The two Americas

Jim Fain

September 11, 1990|By Jim Fain

WASHINGTON — THE LAND of the free is in danger of becoming the preserve of the very rich. The Economic Policy Institute offers the latest reminder that we're on the road to a two-class society of (1) the super-wealthy and (2) everybody else.

In the 15 years through 1988, the poorest two-fifths of U.S. families saw their percentage of national income drop from 17 to 15. The richest fifth over the same period went from 41 to 44 percent. The after-tax income of those at the top skyrocketed.

Nothing new about this. Each new analysis documents the rich getting richer; the poor, poorer, and the middle-class hanging on by its fingernails, staying about even through two-worker households, longer hours and moonlighting.

"State of Working America" is more detailed than most. It documents the plight of young families (one-fifth of American kids are below the poverty line). It shows that home ownership, health insurance and, in many cases, even adequate shelter are beyond their financial reach.

No one now challenges the truism that theirs is the first generation since the Depression to inherit a living standard lower than that of its parents. From 1947 to '62, the average family income rose by 111 percent. It's gone up only 9 percent since, all attributable to middle-class housewives being driven into the labor force. Most now work outside the home, not because they want to but because it's how they keep their families eating.

Much of the widening gap between rich and poor resulted from President Reagan's crusade to shift the tax burden from the wealthy to the middle class. He lowered the rate on millionaires from 70 to 28 percent and sharply raised the regressive Social Security payroll tax.

Some of it is due to the globalization of the marketplace, reducing the clout of unions and forcing workers to compete with cheaper labor overseas.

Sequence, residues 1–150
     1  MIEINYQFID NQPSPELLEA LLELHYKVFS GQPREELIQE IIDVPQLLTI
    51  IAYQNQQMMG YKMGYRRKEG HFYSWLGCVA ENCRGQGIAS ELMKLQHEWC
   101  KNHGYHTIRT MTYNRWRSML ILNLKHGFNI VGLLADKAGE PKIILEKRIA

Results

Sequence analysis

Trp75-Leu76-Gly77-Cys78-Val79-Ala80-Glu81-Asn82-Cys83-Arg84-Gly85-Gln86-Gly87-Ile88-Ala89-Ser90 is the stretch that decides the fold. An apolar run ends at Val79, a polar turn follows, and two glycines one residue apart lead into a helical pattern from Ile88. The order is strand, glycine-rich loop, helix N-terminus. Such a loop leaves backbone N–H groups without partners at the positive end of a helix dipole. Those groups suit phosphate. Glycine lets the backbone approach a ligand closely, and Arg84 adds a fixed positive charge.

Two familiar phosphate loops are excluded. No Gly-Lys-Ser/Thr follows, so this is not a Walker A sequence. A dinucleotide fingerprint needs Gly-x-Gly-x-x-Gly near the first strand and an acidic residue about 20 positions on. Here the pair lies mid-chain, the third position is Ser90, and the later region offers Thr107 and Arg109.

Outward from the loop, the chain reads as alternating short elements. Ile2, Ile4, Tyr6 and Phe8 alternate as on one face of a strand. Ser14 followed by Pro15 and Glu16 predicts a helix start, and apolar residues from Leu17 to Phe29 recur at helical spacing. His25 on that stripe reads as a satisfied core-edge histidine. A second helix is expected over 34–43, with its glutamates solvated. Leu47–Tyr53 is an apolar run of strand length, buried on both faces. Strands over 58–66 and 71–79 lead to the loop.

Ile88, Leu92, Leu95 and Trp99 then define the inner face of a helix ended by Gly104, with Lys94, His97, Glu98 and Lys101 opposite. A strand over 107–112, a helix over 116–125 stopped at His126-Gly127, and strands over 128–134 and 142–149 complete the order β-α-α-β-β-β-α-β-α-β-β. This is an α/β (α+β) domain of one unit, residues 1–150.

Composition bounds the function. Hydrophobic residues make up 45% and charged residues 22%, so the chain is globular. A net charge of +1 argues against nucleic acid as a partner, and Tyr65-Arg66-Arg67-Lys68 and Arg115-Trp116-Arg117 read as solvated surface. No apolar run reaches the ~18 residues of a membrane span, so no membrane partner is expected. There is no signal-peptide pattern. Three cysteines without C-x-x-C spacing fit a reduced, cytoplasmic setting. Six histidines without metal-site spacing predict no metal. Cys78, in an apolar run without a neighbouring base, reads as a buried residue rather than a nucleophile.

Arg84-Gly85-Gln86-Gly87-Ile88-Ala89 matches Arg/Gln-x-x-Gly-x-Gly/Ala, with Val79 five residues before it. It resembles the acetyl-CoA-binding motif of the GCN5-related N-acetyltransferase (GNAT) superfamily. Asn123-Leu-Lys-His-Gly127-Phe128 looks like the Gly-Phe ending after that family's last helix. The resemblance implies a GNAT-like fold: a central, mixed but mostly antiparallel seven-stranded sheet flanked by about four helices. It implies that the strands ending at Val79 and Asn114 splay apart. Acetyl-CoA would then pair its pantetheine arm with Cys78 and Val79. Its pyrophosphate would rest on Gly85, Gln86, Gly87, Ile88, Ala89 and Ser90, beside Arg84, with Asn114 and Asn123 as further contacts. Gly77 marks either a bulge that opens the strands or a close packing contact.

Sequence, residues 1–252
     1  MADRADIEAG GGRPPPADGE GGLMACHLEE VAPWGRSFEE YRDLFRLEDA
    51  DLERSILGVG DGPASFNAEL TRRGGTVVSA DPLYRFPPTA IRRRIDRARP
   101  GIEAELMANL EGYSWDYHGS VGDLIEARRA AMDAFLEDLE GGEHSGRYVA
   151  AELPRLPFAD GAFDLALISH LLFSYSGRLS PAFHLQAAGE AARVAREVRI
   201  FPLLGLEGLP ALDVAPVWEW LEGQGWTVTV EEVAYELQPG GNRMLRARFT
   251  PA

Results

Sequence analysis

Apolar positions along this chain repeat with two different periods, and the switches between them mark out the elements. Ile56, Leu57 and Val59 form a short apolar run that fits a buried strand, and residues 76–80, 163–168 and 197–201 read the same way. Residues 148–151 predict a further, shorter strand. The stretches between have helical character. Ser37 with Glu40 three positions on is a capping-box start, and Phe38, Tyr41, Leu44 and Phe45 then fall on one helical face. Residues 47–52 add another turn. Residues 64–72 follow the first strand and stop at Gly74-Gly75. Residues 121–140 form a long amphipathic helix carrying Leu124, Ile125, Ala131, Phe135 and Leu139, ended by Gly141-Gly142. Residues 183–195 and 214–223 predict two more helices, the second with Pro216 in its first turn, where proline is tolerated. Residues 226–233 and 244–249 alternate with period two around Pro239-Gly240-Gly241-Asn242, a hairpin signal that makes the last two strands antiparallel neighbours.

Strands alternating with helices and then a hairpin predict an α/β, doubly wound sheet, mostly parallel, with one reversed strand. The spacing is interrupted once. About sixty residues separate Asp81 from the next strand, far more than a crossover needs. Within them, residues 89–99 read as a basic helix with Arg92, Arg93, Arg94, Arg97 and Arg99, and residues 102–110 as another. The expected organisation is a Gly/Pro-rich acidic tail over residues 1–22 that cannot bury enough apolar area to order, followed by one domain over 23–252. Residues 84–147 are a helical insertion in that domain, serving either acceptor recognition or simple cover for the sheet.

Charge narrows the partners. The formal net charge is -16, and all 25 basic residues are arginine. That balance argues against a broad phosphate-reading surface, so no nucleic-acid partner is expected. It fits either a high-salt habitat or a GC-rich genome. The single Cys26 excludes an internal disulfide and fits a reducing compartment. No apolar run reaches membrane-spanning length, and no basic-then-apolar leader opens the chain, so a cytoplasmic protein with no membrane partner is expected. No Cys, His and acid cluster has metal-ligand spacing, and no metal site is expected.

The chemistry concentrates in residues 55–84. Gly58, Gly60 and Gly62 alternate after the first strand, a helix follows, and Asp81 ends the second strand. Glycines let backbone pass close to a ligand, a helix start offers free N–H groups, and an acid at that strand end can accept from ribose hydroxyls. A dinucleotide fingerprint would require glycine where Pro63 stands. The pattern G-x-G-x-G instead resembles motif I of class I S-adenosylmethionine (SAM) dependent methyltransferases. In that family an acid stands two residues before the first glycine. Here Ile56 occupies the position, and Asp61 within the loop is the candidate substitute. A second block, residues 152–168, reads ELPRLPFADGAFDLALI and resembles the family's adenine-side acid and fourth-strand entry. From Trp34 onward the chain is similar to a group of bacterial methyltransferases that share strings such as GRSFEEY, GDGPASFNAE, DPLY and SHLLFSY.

All of it's a reminder that the free market, which conservatives now sanctify as a religion, has not proved to be the solution to all mankind's problems. Communism is a colossal economic failure, but unbridled capitalism has been no panacea. The robber barons of a century ago spread their share of misery among their fellow citizens, as did the architects of industrial revolution who created the children's sweatshops in Dickens' England.

If the Depression and New Deal proved anything, it was that greedy capital has to be restrained and regulated by government to keep it from victimizing the poor and weak. There are no regulatory mechanisms for today's global markets. We need to invent some.

America made a unique contribution to the new economics by creating mass markets through raising workers' pay. That was transfer of wealth at its most productive. What do we do for an encore?

We also pioneered a progressive income tax that required those who profit most from the system to pay their full share of its upkeep. This Reagan all but demolished, merrily transferring the burden to those least able to pay, thereby inviting the extremes of wealth and poverty that feed social tensions and even revolution.

Blind worship of the raw market has taken us farther down that road than we think. We need to restore the balance that has been this country's unique strength. The '91 tax bill would be a good place to start.

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